Getting your money back from the employer / principal in cases of fraud
The Supreme Court is expected to publish a decision in the coming weeks on the case of Frederick vs. Positive Solutions (Financial Services) Limited. It is anticipated that the decision will bring clarity on the circumstances in which a principal will be held liable for the fraudulent actions of its agent.
The case involved the Frederick family who were persuaded by an old school friend, Mr Qureshi, to invest in a property development scheme which would provide a fixed return on their investment in 6 months. The scheme was to be run by Qureshi and his business partner, Luke Warren. The Fredericks were told that the funds needed for the investment could be raised by re-mortgaging their existing properties arranged by Warren who was an agent of Positive Solutions. The funds were misappropriated and the scheme failed. The Fredericks’ money was lost.
The re-mortgage application for the scheme was carried out by Warren using an online portal operated by Abbey National to which he only had access because he was an agent of Positive Solutions. It came to light that, in order to obtain the re-mortgage, Warren had dishonestly and fraudulently provided false information in relation to the Frederick’s income and employment.
Warren was made bankrupt as a result of the failed scheme and the Frederick’s sued Positive Solutions on the basis that they were liable for the actions of their agent. In March 2018 the Court of Appeal upheld the lower court’s ruling in favour of Positive Solutions (striking out the claim without even a trial) on the grounds that Warren’s use of Positive Solutions’ online portal was simply the means by which he was able to obtain funds for the Fredericks to invest in the scheme. In order for a principal to be held liable for the acts of its agent the Court held that (i) the wrongful activity must be an integral part of the business activities of the principal; (ii) all the acts which are necessary to make the agent liable must have occurred in the course of his agency and (iii) unless the agent holds himself out as having authority to act on behalf of the principal if all the principal did was provide the agent with the opportunity for the wrongdoing the principal will not be liable. In this case, taking these in turn (i) Warren was essentially engaged on a recognisably independent business of his and Qureshi’s (the scheme); (ii) a necessary ingredient of the Frederick’s case is that they were induced to invest in the scheme (without which they would not have suffered any loss). It was Qureshi not Warren who had induced the Fredericks so that act certainly did not occur in the course of Warren’s agency with Positive Solutions and (iii) Positive Solutions did no more than provide Warren with access to the online portal from which the re-mortgage application was made.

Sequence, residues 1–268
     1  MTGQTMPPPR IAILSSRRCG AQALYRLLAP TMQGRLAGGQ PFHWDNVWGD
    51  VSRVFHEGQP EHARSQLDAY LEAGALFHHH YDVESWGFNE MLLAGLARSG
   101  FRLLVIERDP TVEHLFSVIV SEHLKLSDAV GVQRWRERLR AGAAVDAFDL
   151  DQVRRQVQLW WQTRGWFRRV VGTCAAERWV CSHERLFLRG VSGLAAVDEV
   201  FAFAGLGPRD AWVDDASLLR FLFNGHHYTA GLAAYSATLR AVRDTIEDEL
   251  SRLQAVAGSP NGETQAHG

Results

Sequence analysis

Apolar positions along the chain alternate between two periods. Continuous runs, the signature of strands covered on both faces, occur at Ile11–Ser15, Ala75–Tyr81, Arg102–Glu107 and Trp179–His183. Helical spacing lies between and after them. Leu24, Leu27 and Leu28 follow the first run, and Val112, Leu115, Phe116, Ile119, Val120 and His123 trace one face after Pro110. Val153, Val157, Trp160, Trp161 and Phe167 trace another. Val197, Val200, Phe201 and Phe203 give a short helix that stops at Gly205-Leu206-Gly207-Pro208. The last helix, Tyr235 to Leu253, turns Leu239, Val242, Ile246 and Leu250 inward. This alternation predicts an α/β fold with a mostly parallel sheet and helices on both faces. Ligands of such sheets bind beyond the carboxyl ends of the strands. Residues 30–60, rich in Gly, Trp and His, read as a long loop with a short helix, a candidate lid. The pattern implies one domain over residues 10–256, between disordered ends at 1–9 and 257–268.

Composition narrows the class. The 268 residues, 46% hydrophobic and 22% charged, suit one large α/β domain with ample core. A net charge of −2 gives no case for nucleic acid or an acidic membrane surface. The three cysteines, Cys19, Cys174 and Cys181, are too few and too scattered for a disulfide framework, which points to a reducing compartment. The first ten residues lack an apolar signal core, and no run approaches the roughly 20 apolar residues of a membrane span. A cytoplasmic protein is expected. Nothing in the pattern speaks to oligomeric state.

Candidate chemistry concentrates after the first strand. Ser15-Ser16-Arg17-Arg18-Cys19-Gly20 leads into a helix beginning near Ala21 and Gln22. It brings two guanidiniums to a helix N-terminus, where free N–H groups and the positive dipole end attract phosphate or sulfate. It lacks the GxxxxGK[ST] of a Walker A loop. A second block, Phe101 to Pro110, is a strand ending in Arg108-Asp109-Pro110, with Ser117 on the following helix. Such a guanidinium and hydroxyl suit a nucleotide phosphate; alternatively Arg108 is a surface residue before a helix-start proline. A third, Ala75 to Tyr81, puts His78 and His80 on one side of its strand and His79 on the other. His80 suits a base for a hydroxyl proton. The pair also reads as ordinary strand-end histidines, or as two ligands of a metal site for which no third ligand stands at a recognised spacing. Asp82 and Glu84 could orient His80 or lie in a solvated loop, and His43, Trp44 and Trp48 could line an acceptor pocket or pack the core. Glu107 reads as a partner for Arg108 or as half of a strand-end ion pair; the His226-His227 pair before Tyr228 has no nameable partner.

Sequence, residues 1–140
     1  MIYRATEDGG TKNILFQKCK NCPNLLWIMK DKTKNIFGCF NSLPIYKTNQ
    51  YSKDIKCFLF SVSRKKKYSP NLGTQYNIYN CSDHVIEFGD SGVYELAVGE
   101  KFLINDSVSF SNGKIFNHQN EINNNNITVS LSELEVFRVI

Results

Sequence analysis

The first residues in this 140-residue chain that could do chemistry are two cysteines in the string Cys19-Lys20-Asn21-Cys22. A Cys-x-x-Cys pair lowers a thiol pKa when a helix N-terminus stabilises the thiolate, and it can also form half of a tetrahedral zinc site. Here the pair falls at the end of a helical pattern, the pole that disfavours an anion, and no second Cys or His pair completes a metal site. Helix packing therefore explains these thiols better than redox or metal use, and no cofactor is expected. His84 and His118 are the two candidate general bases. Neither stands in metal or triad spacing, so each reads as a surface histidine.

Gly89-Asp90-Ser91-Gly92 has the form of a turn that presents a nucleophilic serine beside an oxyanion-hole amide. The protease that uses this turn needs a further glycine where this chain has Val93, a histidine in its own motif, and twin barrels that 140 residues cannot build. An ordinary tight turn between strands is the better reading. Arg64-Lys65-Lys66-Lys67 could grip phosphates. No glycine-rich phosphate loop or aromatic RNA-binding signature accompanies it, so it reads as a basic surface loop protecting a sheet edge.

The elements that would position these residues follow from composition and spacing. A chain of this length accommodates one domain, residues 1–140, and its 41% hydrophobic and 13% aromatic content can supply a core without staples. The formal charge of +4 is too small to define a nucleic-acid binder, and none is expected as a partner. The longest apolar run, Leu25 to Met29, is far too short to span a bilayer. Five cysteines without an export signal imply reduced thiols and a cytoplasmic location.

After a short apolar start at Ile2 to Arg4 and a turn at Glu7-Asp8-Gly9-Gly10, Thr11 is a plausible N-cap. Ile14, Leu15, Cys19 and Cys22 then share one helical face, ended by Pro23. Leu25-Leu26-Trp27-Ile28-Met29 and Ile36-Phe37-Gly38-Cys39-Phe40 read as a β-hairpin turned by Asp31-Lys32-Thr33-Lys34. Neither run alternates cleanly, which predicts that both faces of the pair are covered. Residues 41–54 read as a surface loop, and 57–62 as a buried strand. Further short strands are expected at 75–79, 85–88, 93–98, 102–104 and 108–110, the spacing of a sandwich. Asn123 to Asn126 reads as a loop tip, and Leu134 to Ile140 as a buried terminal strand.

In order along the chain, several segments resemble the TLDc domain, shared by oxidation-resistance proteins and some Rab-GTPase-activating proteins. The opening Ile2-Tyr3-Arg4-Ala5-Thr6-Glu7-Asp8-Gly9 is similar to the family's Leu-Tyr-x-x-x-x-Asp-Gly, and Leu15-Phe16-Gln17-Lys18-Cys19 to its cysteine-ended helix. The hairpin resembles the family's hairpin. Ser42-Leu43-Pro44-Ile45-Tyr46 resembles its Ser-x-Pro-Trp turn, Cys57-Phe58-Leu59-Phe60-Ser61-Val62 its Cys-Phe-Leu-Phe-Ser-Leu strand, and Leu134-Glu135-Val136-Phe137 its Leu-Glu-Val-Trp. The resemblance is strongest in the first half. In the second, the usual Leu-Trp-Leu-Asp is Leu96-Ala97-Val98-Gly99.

The Fredericks appealed to the Supreme Court who heard the case in February 2019. The decision is expected to be published shortly. The circumstances in which a principal will be held liable for the fraudulent actions of its agent are ultimately founded upon policy considerations. It was central to the present case that the matter involved fraud rather than simply negligence. The Supreme Court’s decision is therefore expected to give more clarity to the law and the scope of liability in cases of fraud.
This blog was written by: Allan Kornbluth
DISCLAIMER: Please note that this post sets out the general position under the general law. It should not be acted upon in any specific circumstances without taking specific legal advice as to those circumstances. Also, it should not be relied upon, acted upon or treated as a substitute for specific advice relevant to particular circumstances. If you do require specific advice please contact us for assistance.